The extractive sampling equipment, control unit (Paul Gothe GmbH) and sample train was assembled at the sample location by TCM laboratory personnel. The probe and sample lines were at ambient temperature with a sample train consisting of three capture modes: (1) Condensation flask which cools down the gas to collect condensable, (2) Mist trap consisting of an empty impinger flask containing a 1 mm jet generating approximate gas speed of 80 m/s that that collects medium/large aerosols and (3) absorption flasks containing sulfuric acid (0.05M) and a 1mm jet captures small aerosols, gaseous amines and ammonia in the acidic solution (see Figure 5). Generally sampling time is 1-2 hours. Samples are analysed using a Dionex Integrion HPIC System (model ICS-5000, Thermo Fisher Scientific) which included an IonPac CS19 column and an IonPac CG19 guard column and MS detector (Thermo Fisher, ISQ EC Mass spectrometer). Aldehydes and acetone are sampled using a similar sample train where the absorption bottles are exchanged with two silica cartridges (Sep-Pak® DNPH-Silica Cartridge, 800 mg). Sample time is considerably shorter as cartridges have lower capacity than absorption flasks, all cartridges were analysed by a third-party lab. Isokinetic gas sampling was performed on five occasions during the test period.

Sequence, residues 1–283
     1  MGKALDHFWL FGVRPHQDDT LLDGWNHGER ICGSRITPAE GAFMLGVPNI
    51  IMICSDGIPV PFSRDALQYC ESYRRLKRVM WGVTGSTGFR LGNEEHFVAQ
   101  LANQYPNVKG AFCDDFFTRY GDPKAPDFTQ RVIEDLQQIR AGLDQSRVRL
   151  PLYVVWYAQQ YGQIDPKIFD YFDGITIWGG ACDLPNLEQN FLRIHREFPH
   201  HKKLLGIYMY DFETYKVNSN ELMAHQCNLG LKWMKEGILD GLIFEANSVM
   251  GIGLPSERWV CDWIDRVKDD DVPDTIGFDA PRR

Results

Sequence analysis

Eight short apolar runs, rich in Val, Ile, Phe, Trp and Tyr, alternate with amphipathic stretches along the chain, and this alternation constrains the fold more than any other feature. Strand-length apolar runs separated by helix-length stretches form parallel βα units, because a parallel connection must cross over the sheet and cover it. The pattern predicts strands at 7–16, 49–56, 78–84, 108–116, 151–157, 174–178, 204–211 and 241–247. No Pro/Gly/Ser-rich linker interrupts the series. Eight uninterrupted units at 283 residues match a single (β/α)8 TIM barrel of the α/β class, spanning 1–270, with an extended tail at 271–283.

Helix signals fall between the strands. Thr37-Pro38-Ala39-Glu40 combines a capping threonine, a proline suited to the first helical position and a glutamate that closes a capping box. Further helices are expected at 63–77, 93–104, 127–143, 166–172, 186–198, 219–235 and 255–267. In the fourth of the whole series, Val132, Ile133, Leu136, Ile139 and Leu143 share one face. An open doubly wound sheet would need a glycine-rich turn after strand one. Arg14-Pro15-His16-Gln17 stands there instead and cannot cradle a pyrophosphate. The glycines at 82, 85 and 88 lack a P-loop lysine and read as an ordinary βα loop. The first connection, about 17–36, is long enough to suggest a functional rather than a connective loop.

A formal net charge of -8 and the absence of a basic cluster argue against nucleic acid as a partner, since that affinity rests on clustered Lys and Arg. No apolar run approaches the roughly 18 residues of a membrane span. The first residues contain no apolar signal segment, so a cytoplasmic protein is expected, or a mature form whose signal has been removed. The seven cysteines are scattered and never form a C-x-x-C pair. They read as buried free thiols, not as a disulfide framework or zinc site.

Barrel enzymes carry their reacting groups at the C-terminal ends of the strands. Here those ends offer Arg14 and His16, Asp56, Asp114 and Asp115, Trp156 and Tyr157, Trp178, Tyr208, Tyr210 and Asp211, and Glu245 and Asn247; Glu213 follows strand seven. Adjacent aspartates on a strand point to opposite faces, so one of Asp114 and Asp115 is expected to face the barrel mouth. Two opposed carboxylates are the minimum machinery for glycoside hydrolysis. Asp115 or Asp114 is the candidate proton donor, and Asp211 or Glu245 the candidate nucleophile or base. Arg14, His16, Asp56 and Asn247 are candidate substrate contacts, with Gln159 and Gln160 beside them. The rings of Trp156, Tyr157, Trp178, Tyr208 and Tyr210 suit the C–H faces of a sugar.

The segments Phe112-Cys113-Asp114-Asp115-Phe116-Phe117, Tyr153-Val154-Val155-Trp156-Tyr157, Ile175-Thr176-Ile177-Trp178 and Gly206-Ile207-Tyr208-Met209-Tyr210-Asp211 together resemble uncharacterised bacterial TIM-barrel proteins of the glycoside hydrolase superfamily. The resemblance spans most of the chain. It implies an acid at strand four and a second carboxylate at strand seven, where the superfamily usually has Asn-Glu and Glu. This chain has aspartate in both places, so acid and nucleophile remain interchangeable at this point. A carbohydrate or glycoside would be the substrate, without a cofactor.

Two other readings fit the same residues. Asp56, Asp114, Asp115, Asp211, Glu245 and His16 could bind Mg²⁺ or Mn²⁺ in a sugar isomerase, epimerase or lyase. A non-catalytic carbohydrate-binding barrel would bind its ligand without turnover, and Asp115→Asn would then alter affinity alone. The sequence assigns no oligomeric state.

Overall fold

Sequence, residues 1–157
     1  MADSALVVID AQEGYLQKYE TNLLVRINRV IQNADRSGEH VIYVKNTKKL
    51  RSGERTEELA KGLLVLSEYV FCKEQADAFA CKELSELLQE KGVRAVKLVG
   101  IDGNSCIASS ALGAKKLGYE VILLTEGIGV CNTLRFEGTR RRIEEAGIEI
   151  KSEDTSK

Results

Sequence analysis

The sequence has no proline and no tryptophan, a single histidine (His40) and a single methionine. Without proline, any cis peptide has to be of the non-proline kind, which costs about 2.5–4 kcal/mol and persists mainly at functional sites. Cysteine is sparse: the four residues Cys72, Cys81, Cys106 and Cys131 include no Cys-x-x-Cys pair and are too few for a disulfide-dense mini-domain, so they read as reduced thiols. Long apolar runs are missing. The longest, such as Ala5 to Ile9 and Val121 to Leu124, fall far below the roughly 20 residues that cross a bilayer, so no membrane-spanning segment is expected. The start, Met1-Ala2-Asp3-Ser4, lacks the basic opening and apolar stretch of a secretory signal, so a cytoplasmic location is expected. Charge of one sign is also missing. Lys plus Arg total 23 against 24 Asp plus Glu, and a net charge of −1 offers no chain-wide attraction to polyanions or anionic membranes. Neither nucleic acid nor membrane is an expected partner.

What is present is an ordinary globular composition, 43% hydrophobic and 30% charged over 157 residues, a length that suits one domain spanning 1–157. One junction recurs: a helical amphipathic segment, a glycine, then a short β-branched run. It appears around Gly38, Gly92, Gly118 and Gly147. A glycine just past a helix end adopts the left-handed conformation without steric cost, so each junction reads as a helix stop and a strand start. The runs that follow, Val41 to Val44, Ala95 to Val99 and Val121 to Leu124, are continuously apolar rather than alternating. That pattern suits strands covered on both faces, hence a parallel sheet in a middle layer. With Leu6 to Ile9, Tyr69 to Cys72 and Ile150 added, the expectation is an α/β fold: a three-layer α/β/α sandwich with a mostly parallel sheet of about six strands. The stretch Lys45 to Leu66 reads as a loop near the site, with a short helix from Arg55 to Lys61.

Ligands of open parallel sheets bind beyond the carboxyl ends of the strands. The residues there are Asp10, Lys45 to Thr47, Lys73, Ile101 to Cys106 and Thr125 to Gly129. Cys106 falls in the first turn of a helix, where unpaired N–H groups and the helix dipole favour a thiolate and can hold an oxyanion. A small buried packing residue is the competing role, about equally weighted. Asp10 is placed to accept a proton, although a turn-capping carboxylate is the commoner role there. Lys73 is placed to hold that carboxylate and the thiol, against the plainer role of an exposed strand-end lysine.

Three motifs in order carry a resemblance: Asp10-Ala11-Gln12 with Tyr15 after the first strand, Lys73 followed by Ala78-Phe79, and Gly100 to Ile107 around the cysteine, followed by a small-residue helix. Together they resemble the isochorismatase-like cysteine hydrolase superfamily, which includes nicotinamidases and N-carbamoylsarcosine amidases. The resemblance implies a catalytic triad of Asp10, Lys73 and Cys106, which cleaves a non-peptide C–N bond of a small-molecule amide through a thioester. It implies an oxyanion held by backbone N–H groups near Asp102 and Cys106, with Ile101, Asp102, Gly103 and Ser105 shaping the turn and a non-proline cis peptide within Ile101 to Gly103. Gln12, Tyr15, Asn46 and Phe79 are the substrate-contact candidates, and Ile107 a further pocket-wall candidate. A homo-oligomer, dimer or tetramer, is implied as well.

Figure 5. Isokinetic sample train. The sample train is connected to the probe SP1 at the absorber outlet (Figure 2).
Figure 5. Isokinetic sample train. The sample train is connected to the probe SP1 at the absorber outlet (Figure 2).

3. Results and discussion

3.1 Plant stability

During the test period minor plant upsets occurred resulting in unstable plant conditions in the following hours (see Figure 6 and Table 3). The instruments capture the impact on process emissions prior to reaching a steady state. Shorter process upsets have negligible impact and emissions are relatively stable. However more complex situations or extended downtime can result in a significant elevation of emissions during a limited period. Accommodating for increased emissions during such eventualities should be described in the plant emission permit to ensure regulators and operators are aligned on acceptable limits that give operators the required flexibility to stabilise the plant in such scenarios.